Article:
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Looks like Coskata will have to share its automotive sugar daddy with another biofuel firm. General Motors announced a new strategic relationship with ethanol startup Mascoma, along with an undisclosed equity investment in the company, this morning. GM’s partnership and investment could help Mascoma get closer […]

Looks like Coskata will have to share its automotive sugar daddy with another biofuel firm. General Motors announced a new strategic relationship with ethanol startup Mascoma, along with an undisclosed equity investment in the company, this morning. GM’s partnership and investment could help Mascoma get closer to building the nation’s first swtichgrass biorefinery.

Mascoma’s technology centers on what it calls “consolidated bioprocessing,” which is basically a fancy way of saying “converting cellulosic biomass directly into ethanol in one, simple, cheap and energy efficient step, using engineered organisms and enzymes.” At least, that’s the idea. Mascoma’s lead scientist, Lee Lynd, has been working on this problem since the 1970s.

Headquartered in Boston, Mascoma has a lab in Lebanon, N.H., near Dartmouth College, where Lynd is a professor. The company is currently building a pilot plant in Rome, N.Y., and has partnered with the University of Tennessee to develop a switchgrass-to-ethanol pilot facility near Knoxville, Tenn.

Mascoma, like Coskata, is backed by Khosla Ventures, making for two shared investors. Mascoma has raised almost $90 million to date from a number of investors: Khosla, Flagship Ventures, General Catalyst Partners, Kleiner Perkins Caufield & Byers, Vantage Point Venture Partners, Atlas Venture and Pinnacle Ventures.

It’s no surprise that GM is investing more in biofuels. The company says it already has 3 million flex-fuel vehicles on the road in America, and by investing in biofuel startups GM is outsourcing the development of future fuels that will power its vehicles. The costs for this strategy are also attractive: When we visited Coskata for its grand opening, GM reps explained that investments in biofuels take significantly less capital than investments in electric vehicles.

So now the race is really on. And the teams are getting the same sponsors. Coskata’s CEO Bill Roe explained to us at the E2T offices that the startup is now in a speed game to get to market first. Coskata and Mascoma are both speeding to build their pilot plants, and GM stands to win either way.

  1. Rory Gawler Thursday, May 1, 2008

    I’m so glad GM is really on board with this whole situation.

    Developing the hybrid Suburban was a bold move in reducing our consumption of fossil resources.

    Their ads on NPR are highly educative as well. When they say that they have millions of vehicles on the road “running on ethanol”, they nicely demonstrate how easy it is to abuse grammar to greenwash their irresponsibility.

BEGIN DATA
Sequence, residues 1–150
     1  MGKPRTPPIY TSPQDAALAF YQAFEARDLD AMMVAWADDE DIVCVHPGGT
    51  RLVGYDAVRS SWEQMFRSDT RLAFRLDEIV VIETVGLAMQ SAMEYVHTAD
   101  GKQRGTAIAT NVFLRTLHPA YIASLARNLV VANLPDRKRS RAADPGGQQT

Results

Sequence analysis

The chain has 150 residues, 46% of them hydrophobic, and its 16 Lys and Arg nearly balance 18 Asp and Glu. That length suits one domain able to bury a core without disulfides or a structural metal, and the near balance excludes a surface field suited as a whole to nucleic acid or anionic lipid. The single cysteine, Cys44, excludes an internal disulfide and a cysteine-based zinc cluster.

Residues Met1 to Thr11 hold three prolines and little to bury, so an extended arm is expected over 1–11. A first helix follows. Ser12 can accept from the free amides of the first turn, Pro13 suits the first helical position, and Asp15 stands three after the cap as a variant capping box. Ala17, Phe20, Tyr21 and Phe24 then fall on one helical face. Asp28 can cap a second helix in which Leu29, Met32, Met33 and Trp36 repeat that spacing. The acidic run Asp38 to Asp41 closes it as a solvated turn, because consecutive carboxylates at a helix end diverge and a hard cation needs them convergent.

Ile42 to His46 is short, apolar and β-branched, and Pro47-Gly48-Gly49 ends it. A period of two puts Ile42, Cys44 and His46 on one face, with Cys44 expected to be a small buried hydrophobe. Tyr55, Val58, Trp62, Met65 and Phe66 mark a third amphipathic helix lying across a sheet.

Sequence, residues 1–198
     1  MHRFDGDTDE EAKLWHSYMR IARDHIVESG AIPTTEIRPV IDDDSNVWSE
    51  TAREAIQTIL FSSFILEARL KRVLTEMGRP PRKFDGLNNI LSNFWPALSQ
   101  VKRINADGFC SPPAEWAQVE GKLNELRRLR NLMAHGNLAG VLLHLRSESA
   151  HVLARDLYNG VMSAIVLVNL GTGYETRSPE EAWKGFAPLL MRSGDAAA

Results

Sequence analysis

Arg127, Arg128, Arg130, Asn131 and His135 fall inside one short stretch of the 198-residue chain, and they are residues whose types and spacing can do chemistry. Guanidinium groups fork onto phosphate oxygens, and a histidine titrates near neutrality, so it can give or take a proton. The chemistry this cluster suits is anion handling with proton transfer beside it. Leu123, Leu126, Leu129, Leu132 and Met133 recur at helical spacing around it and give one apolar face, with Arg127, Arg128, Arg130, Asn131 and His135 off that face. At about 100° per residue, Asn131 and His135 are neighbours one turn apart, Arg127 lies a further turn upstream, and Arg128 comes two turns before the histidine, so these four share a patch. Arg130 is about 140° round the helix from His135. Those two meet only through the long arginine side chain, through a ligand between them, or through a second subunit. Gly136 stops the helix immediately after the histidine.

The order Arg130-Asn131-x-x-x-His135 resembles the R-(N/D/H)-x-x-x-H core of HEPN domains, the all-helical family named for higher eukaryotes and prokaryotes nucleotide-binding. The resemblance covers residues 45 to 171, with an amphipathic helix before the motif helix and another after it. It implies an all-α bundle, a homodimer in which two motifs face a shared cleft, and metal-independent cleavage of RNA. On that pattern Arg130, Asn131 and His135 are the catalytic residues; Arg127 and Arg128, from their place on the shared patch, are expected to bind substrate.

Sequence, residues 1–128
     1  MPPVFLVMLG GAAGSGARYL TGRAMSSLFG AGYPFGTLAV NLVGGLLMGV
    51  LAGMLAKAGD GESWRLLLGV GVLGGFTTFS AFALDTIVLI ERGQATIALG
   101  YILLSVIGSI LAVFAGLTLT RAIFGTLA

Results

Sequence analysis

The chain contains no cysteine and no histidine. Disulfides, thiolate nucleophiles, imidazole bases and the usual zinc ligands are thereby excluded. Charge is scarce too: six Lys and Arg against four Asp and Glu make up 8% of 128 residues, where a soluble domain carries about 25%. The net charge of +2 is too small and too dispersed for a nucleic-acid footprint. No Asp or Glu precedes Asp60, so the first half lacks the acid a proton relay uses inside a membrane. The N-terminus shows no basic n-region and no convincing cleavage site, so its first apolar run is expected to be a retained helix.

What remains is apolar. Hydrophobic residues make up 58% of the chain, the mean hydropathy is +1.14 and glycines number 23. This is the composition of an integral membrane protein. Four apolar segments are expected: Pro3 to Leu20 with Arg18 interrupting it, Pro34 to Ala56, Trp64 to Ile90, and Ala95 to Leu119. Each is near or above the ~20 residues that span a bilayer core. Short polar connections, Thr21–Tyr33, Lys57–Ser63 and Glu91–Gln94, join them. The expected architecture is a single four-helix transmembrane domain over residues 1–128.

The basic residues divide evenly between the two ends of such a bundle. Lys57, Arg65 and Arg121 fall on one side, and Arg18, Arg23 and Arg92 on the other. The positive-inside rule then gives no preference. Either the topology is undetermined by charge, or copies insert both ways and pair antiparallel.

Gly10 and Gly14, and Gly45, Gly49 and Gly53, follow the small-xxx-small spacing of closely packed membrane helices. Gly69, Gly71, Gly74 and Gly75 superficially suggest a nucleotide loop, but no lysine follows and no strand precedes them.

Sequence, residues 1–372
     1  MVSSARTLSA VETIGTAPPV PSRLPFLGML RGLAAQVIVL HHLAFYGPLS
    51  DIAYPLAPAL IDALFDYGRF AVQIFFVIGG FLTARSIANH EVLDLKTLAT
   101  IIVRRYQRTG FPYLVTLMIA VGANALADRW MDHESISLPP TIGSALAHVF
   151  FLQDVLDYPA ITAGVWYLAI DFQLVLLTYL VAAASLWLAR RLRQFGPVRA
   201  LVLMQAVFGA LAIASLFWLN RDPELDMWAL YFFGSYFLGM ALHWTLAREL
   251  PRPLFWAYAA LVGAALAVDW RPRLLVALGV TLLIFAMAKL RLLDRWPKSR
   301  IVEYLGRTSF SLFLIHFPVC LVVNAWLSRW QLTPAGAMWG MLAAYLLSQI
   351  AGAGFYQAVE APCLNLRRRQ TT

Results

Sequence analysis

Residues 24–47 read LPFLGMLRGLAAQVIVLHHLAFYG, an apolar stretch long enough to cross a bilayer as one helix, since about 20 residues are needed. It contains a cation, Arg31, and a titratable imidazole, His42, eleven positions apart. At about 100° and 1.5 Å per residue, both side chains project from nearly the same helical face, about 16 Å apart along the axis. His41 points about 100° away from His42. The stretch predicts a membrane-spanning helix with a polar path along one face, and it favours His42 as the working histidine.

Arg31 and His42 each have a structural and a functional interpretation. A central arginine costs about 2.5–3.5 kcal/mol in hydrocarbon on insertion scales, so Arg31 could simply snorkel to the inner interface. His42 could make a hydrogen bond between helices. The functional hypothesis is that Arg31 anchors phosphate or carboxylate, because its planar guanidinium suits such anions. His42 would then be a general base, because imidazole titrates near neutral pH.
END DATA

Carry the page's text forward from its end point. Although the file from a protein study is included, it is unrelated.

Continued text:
In the end, I don’t blame them though. It’s like blaming Wal Mart.

    I blame all of us, including myself. I used to own a Suburban… I burned more diesel trying to get it to run on WVO than I would have if I had just bought an old Jetta. I’d hate to think the entire world has to learn this lesson the same way I did:

    You don’t need a big car.

    It’s true. I get more stuff in my matrix than I ever did in my suburban…. no fuel tank in the trunk, no pumps, etc…

    Okay, I’m done.

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  2. [...] 40 million gallon per year plant. The other, Mascoma, has been less visible lately — but just today announced a partnership with General Motors, which also backs Coskata. The round was led by Passport, with participation from a passel of [...]

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  3. [...] General Motors Corp is taking another stake in a company focused on developing ethanol from sources other than corn, the automaker said on Thursday. According to Mascoma, traditional methods used to unlock sugars from cellulosic materials include harsh mechanical or chemical pretreatment. This process opens up the feedstock so that enzymes can be added to finally set the sugars free. Mascoma, like Coskata, is backed by Khosla Ventures, making for two shared investors. [...]

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  4. Great to see GM is investing on biofuels. There should be a social education to wake concience over citizens about these serious issues.

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  5. [...] round of financing that included $10 million from Houston-based Marathon Oil. GM participated as we reported last week in this round as well as previous investors Khosla Ventures, Flagship Ventures, Atlas Venture, [...]

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  6. [...] from mainstream media. The New York Times reports today that companies like DuPont and Genencor, General Motors, Honeywell and BP are investing in waste-to-fuel projects that are planned to come online in the [...]

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  7. [...] the pack in developing partnerships with large multinationals and Washington. Both Coskata and Mascoma have partnerships with General Motors, while Range Fuels received a $76 million grant from the US Department of Energy. All three are [...]

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  8. [...] and would also provide some of its carbon-based waste (think old tires) as a feedstock for Coskata. Also in 2008 GM partnered with ethanol startup Mascoma and took an equity stake in the [...]

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